Dr. Swartz: Awesome, those are three great strategies that our listeners might want to try in their classrooms or programs. So what can families and professionals do to ensure that children displaying the characteristics of autism spectrum disorder get the supports that they need in preschool? Like you said many of them will come in, perhaps without a diagnosis, or with a diagnosis just of a developmental delay. So what can families and professionals do to ensure that children displaying characteristics of autism spectrum disorder get the supports they need in preschool? You told us some of the strategies teachers can use, but what about teachers and families working together?
Dr. Dorsey: Sure, I think the key word you had there in your question was just “and.” So families are always the experts on a specific child. They are gonna know that child inside and out, and they’ve probably kind of done a lot of detective work, especially when you consider that child has some social communication difficulties, that family really knows, okay when this child, you know, turns his back to the wall, this means he’s upset. They’re gonna have some insider information, and I think teachers being really open to communication with families, taking a little extra time to ask those questions of what can you tell me about your child? What are some cues that he shows? And then having a communication system so that dialogue can happen more frequently maybe than you would have for other kids in your class. So that you can stay on top of that child’s successes, areas where he’s having difficulty, and the parent and the caregiver can really work as a team to kind of problem-solve and help that child be successful is really probably gonna take both people in that relationship to sort of problem-solve together, and, individuals with autism are pretty unique. So while we have some universal strategies, each person is gonna have some unique interests, maybe things that bother them a little more than others, things that they really respond well to, and so that communication piece can really yield a lot of success for that child.
Dr. Swartz: And I guess that’s a good opportunity for us to just point out that autism is not just one type of behavior or child or one particular characteristic. It’s this spectrum disorder, so we’re gonna have a variety of differences so …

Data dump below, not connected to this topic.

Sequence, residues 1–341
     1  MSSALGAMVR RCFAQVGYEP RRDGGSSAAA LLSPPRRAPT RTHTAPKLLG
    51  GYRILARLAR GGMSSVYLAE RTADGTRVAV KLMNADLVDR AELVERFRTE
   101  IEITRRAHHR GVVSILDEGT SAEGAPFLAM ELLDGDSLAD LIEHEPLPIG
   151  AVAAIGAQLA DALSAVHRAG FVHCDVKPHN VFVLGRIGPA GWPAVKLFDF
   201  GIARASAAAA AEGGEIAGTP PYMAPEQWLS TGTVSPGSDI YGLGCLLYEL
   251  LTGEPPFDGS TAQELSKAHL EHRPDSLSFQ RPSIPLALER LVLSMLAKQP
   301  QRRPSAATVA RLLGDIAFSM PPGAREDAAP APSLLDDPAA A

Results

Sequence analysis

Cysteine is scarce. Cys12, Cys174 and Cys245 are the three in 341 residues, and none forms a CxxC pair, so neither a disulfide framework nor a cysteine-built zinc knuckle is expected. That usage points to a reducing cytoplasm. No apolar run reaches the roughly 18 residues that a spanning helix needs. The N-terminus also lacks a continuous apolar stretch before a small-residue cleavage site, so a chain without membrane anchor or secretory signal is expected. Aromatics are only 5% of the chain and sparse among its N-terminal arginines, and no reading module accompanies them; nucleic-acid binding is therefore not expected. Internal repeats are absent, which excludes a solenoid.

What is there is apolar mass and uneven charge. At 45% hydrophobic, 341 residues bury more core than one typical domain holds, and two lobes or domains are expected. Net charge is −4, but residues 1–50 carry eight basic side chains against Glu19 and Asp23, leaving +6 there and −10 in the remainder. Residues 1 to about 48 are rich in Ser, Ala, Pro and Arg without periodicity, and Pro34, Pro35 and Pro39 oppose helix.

Dr. Dorsey: Absolutely! There’s sort of a phrase that, oh it gets a bit of a bad rap, but people will say, “If you’ve met one child with autism, you’ve met one child with autism.” While there are those universal characteristics, you really do need to be prepared for a pretty, I would say interesting level of uniqueness among the individuals with autism that you’re gonna meet, and every time just be prepared to learn something new and different and be prepared that they are gonna show you something that you probably have not seen before.
Dr. Swartz: That’s awesome, and that takes us back to your story as a preschool teacher where this was interesting to you, and that if teachers can view this as a challenge that’s exciting and fun and has possibilities, then maybe they can have more success in the classroom.
Dr. Dorsey: Absolutely! And those kids with autism that will come in your classroom, they have a lot of strengths, and I think that one, a really important thing for a teacher to do, is while you view those strengths within the context of maybe some of the difficulties you have, you just stay focused on those strengths. Because that’s how that child is gonna shine in your classroom and contribute, and you kind of have to balance that with maybe some difficulties that they’re having. But you kind of have to do that same thing you do with all kids in your class and say, you know: How are they showing successes? How can I build on those things? How can I show that child’s peers that he’s also a role model? And teachers are really good at that, the seeing strengths. And so, just, you know for teachers who even maybe are struggling, don’t forget to do that ’cause that’s really your best strategy in the long run.